Get e-smart about student finances

Some students get a crash course in timely and effective money management when they start post-secondary school and have real-world expenses like rent, utilities, and groceries for the first time. According to a recent student finances poll, more than three-quarters of students wished they knew more about managing money when they started school, and some wish they had known that a budget is a useful way to keep control of spending.

Here are three ways students can get smart about managing their money by going digital.

1. Instant access: Sign up for online banking or download a mobile banking app to make banking and paying bills more convenient.

2. Make your smartphone your wallet: Need to pay back a friend who covered dinner last night? You can send money to anyone in Canada with an email address and access to online banking. Or use a mobile wallet to manage your money and gift cards.

3. Use free budgeting tools: There are great apps and online tools to help you out, like the RBC student budget calculator that can help you figure your costs for the school year. The myFinanceTracker included with RBC online banking can keep you on track of your budget by showing you where you are spending your money and how much you have available to put towards savings.

Find more money advice for students online at

How parents can have ‘the money talk’

It may seem like only yesterday that you dropped off your child at kindergarten. But even as they get older, students of any age still need and seek your guidance, both emotionally and financially. This is especially true as they navigate their first year as post-secondary students and test their newly found independence.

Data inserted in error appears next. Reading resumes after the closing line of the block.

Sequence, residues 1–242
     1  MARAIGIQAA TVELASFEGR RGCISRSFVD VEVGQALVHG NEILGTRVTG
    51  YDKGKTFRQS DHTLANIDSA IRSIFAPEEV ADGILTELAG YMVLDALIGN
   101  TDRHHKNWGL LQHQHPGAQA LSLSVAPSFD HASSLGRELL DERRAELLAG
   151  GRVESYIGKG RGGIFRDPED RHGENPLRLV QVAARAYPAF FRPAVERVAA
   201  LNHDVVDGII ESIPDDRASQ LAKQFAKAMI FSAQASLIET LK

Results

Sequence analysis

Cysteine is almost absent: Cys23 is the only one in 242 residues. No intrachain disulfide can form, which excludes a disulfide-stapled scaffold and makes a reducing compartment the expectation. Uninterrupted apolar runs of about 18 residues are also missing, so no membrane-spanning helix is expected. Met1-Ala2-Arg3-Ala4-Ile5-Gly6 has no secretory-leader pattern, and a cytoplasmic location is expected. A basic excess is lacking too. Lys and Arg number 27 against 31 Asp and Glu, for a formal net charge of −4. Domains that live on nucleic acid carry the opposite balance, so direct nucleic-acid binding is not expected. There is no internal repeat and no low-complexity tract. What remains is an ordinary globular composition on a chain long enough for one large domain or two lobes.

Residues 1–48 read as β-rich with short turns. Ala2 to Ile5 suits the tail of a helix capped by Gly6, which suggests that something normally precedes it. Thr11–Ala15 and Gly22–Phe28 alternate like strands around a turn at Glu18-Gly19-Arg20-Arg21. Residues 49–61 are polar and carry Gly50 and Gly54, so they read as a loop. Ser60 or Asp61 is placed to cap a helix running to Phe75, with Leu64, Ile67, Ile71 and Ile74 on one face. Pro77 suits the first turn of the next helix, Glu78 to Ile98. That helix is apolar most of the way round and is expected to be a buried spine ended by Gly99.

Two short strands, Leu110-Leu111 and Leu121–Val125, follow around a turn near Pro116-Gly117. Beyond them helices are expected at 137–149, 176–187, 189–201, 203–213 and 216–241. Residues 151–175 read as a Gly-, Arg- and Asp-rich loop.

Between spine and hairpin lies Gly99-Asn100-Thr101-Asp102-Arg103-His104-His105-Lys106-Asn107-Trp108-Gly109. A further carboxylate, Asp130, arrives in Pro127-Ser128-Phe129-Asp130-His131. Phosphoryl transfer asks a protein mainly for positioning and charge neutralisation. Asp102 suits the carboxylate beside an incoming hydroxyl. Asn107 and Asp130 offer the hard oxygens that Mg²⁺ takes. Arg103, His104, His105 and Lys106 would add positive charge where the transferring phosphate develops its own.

According to a recent student finances poll, more than one-third of first-year students agree that “it’s a good idea to talk to parents about money and budgeting” and that “it’s ok to tell parents about things that don’t work out.” This research shows that first-year students are particularly worried about not being able to pay back debt, overspending, and disappointing their parents.

“Open and ongoing two-way communication that covers a range of financial topics should be at the heart of your game plan with your child and their post-secondary education,” suggests Laura Plant, director of student banking at RBC.

Almost half of first-year students say they talk to their parents at least once a month. Use this opportunity to foster your child’s growing financial independence by talking about the following top concerns:

Budgeting. Ask if they’re tracking their plan and if they are surprised by the cost of extracurricular activities or textbooks.
Credit card use. Find out if they know how to pay their cards online, what types of expenses should be charged, and how to stay on top of monthly payments.
Cash flow. Explore other sources of income such as scholarships and seasonal job opportunities.
The future. Discuss what’s worrying your student about graduation and plans for next year and beyond.

Find more resources for parents of post-secondary students at